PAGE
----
Iranian Judiciary Chief Sadeq Larijani said it is an honor for him to be sanctioned by the US, in his first comments after including his name in the recent list of US sanctions, describing that as a proof of the Islamic Republic’s correct path.
Larijani slammed the US administration’s move to impose sanctions against the Judiciary chief of a country as “crossing all international red lines”, stressing that Iran would not remain silent on such a measure.
“The US should know that every hostile conduct will draw proportional reaction from Iran,” the top judge said, adding that he personally does not care about facing sanctions by the Trump administration.
On Friday, US president Donald Trump agreed to extend the waivers for sanctions on Iran, and the US treasury department imposed new sanctions on 14 Iranian individuals and entities over Tehran's human rights abuses and ballistic missile program.
Larijani is the highest-ranking official to be appointed by Iranian Supreme Leader Ali Khamenei. Earlier in March 2012, the EU imposed sanctions on Larijani for violating human rights.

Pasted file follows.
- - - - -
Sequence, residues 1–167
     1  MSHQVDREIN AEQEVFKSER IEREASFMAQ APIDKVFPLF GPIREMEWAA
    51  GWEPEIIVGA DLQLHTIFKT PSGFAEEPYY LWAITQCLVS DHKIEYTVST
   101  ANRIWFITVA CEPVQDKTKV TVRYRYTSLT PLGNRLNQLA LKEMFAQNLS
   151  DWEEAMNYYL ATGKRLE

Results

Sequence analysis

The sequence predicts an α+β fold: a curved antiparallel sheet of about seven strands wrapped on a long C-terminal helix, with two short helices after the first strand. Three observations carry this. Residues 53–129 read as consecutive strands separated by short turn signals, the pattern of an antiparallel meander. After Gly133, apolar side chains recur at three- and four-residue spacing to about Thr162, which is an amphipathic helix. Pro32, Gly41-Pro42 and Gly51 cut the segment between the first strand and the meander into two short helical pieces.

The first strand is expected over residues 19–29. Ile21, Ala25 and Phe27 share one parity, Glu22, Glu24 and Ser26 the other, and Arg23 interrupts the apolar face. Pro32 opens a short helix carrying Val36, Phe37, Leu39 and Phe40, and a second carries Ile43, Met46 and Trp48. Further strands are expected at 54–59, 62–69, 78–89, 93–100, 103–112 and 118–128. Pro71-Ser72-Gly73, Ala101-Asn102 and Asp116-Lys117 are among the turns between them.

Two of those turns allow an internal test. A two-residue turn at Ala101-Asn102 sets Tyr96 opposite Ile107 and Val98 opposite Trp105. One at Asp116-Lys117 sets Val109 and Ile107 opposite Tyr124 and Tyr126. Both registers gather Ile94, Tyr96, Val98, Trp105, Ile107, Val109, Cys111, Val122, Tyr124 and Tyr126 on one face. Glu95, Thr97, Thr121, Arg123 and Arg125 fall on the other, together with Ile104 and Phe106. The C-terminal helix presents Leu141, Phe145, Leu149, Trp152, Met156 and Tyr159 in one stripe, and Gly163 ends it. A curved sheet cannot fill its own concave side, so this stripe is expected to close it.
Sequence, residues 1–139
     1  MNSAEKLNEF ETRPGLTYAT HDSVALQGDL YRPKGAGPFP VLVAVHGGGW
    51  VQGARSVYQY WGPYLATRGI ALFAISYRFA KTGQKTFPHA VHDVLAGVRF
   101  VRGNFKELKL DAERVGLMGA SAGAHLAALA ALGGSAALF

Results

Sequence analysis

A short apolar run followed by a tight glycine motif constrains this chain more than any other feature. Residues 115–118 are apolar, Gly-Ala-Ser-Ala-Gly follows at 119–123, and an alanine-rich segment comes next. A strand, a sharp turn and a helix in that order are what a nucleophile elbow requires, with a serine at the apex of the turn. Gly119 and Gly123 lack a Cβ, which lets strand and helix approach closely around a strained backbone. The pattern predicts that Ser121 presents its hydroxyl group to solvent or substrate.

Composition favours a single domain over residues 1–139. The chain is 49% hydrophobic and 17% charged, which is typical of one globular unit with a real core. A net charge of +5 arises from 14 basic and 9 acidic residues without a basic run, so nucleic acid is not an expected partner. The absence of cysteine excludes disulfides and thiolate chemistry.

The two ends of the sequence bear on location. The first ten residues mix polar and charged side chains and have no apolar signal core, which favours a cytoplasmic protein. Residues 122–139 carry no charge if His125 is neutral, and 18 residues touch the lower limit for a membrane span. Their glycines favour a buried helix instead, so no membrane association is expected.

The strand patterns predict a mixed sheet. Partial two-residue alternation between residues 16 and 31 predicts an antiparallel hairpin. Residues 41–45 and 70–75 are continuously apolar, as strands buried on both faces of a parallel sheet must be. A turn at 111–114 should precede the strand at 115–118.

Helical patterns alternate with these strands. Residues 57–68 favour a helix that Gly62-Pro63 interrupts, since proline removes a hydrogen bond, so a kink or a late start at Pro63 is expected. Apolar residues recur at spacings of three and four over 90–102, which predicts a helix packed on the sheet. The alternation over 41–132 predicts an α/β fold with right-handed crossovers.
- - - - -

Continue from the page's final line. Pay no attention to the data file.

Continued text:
Larijani said that the 2015 Iranian nuclear deal, known as the Joint Comprehensive Plan of Action (JCPOA), could by no means be changed or linked to other issues.
Referring to recent protests in Iran, Larijani spoke of the importance of the Internet in Iran, saying: "Regardless of technical issues, what matters to us on the Internet is the security."
Larijani implicitly rejected criticisms against the judiciary over restrictions on the Internet and social media networks and considered them "false analyses."
He accused his country's enemies of seeking to affect the Iranians via the Internet. In this regard, the Iranian official relied on the testimony of the Iranian security services in the protests that hit more than 80 Iranian cities. "On this basis, we believe we should not give chances for the enemies," he said.
Larijani also implicitly accused government agencies responsible for the Internet of negligence.
Although more than a week has passed since the return of calm to Iranian cities that were loaded with popular protests, the aftershocks are still continuing, especially after the deaths recorded in Iranian prisons among the detainees.
“More than 440 people who were arrested in Tehran riots have been released,” Tehran prosecutor Abbas Jafari Dolatabadi was quoted as saying on Sunday.
Dolatabadi said most of those held during the protests were from low income families, and were between 18 and 35 years old.